The morning of, I got to watch my host father back a pickup into the wall surrounding my host family’s house, which is made of cinder blocks. Francis found this pretty amusing, but for fear that the cinder blocks would fall, decided to push the ones that looked impending.. which caused a large section of wall to fall and shatter. As they were falling, Francis turned to me and said, "Fuck!" in English. Good times.

After the ceremonies, I spent a little time with my family, but not too much, because there was:

Three: the partyening.

One of our number apparently had the great idea to book a bunch of rooms at the local hotel to enable us to celebrate in style, not have to go back home to our host families, and possibly hook up without going into a cornfield. I left my host family early to see how things went, and though they took a while to get started, ended up being a pretty good time. Highlights include:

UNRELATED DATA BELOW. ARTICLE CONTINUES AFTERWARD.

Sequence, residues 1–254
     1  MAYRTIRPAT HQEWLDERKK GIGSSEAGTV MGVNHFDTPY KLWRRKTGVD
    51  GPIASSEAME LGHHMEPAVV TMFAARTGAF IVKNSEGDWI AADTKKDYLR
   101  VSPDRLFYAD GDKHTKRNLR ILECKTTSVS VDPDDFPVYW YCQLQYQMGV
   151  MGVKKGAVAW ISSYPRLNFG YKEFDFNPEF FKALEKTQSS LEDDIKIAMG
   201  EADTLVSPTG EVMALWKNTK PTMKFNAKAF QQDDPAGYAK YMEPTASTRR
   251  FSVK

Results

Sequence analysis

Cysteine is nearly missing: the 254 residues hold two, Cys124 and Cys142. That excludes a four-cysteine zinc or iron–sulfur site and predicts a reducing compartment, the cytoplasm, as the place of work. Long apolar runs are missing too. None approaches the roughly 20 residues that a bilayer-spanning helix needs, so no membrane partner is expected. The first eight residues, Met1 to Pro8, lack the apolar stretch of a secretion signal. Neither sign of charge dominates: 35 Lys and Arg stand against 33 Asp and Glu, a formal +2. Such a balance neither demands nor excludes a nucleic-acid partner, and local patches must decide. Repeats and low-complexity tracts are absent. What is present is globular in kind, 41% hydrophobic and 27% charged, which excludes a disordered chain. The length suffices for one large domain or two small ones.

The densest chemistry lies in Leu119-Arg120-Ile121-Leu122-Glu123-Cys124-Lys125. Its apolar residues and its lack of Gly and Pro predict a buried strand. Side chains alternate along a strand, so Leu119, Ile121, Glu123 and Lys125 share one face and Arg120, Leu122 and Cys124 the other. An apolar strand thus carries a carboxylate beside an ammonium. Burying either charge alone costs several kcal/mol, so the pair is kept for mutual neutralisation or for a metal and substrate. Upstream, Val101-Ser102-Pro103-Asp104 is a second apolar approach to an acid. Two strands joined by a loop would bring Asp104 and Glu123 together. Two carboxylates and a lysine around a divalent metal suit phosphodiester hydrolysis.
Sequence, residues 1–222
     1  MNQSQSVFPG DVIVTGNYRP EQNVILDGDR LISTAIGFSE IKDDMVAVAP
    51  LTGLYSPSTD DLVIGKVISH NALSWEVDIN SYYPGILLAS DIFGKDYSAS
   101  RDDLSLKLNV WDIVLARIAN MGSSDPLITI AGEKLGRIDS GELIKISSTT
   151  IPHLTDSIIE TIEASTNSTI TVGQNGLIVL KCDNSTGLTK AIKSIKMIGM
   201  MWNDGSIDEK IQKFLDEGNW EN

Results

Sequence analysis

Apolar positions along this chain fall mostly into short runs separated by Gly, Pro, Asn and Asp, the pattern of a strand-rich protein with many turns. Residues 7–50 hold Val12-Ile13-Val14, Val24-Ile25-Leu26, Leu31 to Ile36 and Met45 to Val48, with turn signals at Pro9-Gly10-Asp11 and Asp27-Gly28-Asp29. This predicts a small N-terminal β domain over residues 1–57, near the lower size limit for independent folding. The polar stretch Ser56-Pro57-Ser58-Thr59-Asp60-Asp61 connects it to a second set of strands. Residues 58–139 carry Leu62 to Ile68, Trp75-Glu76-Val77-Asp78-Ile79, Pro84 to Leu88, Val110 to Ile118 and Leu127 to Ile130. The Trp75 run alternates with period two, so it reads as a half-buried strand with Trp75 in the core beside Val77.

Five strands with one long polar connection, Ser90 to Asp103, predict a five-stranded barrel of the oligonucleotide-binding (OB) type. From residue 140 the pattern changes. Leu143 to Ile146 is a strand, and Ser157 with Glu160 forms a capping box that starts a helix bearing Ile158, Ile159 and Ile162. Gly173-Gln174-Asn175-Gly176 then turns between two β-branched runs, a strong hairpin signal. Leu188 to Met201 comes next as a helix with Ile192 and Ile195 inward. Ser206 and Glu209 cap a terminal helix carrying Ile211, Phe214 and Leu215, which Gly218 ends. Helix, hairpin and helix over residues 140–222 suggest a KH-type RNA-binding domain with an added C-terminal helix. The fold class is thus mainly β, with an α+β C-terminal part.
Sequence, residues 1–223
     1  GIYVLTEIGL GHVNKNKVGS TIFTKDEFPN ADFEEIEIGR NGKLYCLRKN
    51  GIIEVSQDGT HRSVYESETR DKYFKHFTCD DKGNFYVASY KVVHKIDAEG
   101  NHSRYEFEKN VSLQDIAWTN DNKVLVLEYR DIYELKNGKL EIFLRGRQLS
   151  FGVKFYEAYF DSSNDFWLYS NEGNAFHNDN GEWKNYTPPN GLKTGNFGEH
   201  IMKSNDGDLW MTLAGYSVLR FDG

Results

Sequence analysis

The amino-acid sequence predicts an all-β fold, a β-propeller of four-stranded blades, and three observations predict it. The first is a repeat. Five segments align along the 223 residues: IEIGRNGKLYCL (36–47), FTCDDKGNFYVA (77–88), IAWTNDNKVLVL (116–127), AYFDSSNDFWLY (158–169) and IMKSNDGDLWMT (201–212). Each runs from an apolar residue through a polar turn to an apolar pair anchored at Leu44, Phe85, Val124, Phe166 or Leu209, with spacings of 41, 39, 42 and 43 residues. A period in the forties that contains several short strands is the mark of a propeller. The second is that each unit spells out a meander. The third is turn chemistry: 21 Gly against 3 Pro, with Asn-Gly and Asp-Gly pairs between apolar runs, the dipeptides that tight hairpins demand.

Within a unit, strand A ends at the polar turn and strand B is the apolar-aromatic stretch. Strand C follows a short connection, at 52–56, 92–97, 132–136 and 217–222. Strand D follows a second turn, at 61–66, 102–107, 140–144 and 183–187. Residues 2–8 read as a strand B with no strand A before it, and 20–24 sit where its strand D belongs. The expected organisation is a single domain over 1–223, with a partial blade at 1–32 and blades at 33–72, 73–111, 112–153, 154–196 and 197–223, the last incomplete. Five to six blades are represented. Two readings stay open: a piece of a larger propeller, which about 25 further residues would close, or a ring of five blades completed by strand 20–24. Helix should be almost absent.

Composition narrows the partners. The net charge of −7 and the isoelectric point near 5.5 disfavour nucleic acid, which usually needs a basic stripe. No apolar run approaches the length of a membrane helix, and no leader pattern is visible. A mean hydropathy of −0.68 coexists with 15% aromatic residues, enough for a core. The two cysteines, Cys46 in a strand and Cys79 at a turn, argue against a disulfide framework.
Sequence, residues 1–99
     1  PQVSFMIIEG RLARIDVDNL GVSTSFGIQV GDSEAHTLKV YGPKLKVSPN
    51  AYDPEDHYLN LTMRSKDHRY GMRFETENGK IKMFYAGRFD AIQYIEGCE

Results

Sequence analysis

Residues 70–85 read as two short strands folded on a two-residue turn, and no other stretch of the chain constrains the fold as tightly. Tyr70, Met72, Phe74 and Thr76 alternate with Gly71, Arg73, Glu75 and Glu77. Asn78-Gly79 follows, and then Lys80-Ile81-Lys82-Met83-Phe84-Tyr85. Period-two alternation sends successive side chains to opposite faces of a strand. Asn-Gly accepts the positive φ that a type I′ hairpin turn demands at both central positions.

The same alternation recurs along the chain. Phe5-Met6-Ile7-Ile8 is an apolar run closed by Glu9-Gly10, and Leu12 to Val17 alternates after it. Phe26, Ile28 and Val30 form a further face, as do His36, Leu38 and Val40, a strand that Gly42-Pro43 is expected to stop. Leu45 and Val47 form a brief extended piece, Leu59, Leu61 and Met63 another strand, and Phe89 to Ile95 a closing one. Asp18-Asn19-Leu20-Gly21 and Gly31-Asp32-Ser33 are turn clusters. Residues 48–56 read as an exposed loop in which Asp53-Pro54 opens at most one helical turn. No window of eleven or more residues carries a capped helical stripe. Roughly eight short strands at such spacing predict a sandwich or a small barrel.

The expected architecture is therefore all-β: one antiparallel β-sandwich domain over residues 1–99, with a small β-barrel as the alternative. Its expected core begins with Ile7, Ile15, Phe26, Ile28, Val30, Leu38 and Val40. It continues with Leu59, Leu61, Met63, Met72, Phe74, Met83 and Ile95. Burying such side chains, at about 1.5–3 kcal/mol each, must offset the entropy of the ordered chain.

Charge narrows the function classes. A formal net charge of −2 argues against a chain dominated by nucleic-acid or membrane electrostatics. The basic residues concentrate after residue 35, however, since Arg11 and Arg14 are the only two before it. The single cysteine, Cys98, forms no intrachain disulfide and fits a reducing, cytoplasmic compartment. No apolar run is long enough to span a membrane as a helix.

1. Significant amounts of delicious gossip about who was likely to hook up with who, who was dancing scandalously with which host sister, etc. This is not interesting at all unless you’re in the social group so I’ll spare you. However, if you’re my stagemate and you hook up with someone, feel free to tell me via email.
  2. Serious Man-Chat with Timothy about our respective memberships in the Lonely Hearts Club. Our last conversations with our respective significant others were a little stilted and I think we’re taking it a little too seriously. Jessica W. says "Don’t borrow trouble" and also "Don’t act like douchebags, because you guys aren’t." I think part of the anxiety was caused by the impending move, feeling stressed, wanting to be comforted. But now we’re here at post, there are no threats to our relationships for hours around so I guess we win by default?
  3. Dancing. The song "Fuck the Pain Away" by the Peaches came up about thirty times. Subtle reference to the film "Lost in Translation" or a simple lack of musical taste? You be the judge. What else is in the teaches of Peaches?
  4. A certain amount of chauvinism.